Pope Francis apologizes for using vulgar term about gay priests

Pope Francis apologizes for using vulgar term about gay priests
Pope Francis apologizes for using vulgar term about gay priests

Pope Francis apologized Tuesday after he was quoted as using a vulgar and pejorative term about gay men to reaffirm the Catholic Church’s ban on gay priests.

Vatican spokesman Matteo Bruni issued a statement acknowledging the media storm that erupted around Francis’ comments, made behind closed doors with Italian bishops on May 20.

On Monday, the press reported that anonymous Italian bishops reported that Francis jokingly used the term “faggot” while speaking in Italian during the meeting to reaffirm the Vatican’s ban on allowing gay men to be seminarians and ordained priests.

Bruni said Francis is aware of the reports and recalled that the Argentine pope — who has made outreach to LGBTQ+ Catholics a hallmark of his papacy — has long insisted that “there is room for everyone” in the Catholic Church.

“The pope has never wanted to offend or express himself in homophobic terms, and he addresses his apologies to those who have felt offended by the use of a term spread by others,” Bruni said.

In the statement, Bruni was careful to avoid categorically confirming that the pope had used the term, in keeping with Vatican tradition of not revealing what the pontiff says behind closed doors. But Bruni also did not deny that Francis used it and acknowledged that some people have been offended by it.

Francis spoke before a conference of Italian bishops, who recently approved a new document outlining training for seminarians. The document, which has not been published and will be reviewed by the Holy See, allegedly seeks to poke a hole in the Vatican’s absolute provision for gay priests by introducing the issue of celibacy as the main requirement for priests, whether gay or straight.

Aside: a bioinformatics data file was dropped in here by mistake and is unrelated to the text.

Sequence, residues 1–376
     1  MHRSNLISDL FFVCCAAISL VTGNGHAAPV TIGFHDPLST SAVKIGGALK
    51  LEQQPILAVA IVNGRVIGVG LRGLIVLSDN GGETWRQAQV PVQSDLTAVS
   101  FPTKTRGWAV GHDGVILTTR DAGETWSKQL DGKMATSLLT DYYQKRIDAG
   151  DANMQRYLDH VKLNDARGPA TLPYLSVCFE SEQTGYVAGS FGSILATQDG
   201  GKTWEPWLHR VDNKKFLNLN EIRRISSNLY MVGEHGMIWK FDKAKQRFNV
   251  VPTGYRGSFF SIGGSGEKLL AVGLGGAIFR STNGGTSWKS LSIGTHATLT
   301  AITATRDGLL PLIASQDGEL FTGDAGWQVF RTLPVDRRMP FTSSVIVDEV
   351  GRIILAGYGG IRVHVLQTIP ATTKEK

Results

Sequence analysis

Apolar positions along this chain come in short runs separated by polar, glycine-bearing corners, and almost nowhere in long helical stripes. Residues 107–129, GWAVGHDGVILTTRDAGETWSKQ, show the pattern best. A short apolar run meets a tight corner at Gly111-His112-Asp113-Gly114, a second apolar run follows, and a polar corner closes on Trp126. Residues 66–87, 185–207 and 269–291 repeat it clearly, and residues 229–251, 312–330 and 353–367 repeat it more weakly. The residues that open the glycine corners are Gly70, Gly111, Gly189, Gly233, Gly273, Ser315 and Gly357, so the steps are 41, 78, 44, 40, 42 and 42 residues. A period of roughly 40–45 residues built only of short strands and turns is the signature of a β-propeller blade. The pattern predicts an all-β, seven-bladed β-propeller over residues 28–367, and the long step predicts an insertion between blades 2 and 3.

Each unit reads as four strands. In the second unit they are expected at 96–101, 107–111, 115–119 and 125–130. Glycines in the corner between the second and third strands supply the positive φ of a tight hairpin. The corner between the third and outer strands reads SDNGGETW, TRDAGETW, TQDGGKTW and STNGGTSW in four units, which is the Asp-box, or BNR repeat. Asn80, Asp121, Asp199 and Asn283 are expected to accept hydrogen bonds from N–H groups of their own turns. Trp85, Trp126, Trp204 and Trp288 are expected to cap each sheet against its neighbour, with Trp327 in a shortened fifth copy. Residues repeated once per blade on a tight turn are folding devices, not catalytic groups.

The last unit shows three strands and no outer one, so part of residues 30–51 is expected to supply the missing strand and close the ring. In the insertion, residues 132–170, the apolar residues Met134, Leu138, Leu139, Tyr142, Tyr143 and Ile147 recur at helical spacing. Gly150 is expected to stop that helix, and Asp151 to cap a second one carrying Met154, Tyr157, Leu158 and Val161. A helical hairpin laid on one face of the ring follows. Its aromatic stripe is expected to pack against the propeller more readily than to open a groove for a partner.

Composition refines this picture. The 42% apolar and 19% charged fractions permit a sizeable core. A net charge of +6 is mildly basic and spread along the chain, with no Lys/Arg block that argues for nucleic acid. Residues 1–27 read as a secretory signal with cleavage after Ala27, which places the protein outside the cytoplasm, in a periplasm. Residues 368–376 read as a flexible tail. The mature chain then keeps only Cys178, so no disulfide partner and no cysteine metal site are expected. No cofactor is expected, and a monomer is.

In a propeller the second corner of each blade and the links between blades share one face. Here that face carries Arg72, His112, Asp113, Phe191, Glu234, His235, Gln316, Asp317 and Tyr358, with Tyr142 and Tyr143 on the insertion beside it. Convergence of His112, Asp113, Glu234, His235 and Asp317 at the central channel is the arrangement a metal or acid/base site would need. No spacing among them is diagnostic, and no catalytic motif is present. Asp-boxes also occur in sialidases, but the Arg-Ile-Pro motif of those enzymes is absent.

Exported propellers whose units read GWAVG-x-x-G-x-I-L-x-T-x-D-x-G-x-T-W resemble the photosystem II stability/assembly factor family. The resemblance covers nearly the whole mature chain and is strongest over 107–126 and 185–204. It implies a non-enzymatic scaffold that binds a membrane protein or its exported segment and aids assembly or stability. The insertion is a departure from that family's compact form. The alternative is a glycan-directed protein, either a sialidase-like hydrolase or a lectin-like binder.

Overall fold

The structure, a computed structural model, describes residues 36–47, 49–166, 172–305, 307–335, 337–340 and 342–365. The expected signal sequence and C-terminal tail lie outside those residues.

The Vatican ban was articulated in a 2005 document from the Congregation for Catholic Education, and repeated in a later document in 2016, stating that the Church cannot admit into seminaries or ordain men who “practice the homosexuality, present deeply rooted homosexual tendencies or support the so-called gay culture.

The stance has long been criticized as homophobic and hypocritical in an institution that certainly has gay priests in its ranks. The late psychotherapist Richard Sipe, a former Benedictine monk who taught in American seminaries, estimated that in the early 2000s, up to 30% of American clergy had a homosexual orientation.

The late Rev. Donald Cozzens, a seminary rector, said the percentage was even higher, stating in his book “The Changing Face of The Priesthood” that in the United States, the priesthood was becoming increasingly in a gay profession because straight men had left it to get married and have a family.

Priests of the Latin rite of the Catholic Church cannot marry, while those of the Eastern churches can.

Francis firmly ratified that stance in his May 20 meeting with the Italian bishops, jokingly saying that “there is already an air of faggot” in the seminaries, Italian media reported, following an initial report by the gossip site Dagospia.

Italian is not Francis’ native language, and the Argentine pope has made linguistic errors in the past, which have raised eyebrows. The Argentine pope, 87, usually speaks informally, jokes using colloquialisms and even swears in private.

However, he has become known for his outreach to LGBTQ+ Catholics, beginning with his famous comment, “Who am I to judge?” in 2013 about a priest who allegedly had a gay lover in the past.

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